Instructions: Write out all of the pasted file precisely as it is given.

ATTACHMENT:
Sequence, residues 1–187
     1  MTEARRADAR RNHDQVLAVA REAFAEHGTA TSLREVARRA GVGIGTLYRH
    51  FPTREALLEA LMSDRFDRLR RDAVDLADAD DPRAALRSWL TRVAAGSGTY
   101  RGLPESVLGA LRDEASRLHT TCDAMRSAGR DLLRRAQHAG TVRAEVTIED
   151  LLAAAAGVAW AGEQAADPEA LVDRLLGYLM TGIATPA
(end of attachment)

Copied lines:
Sequence, residues 1–187
     1  MTEARRADAR RNHDQVLAVA REAFAEHGTA TSLREVARRA GVGIGTLYRH
    51  FPTREALLEA LMSDRFDRLR RDAVDLADAD DPRAALRSWL TRVAAGSGTY
   101  RGLPESVLGA LRDEASRLHT TCDAMRSAGR DLLRRAQHAG TVRAEVTIED
   151  LLAAAAGVAW AGEQAADPEA LVDRLLGYLM TGIATPA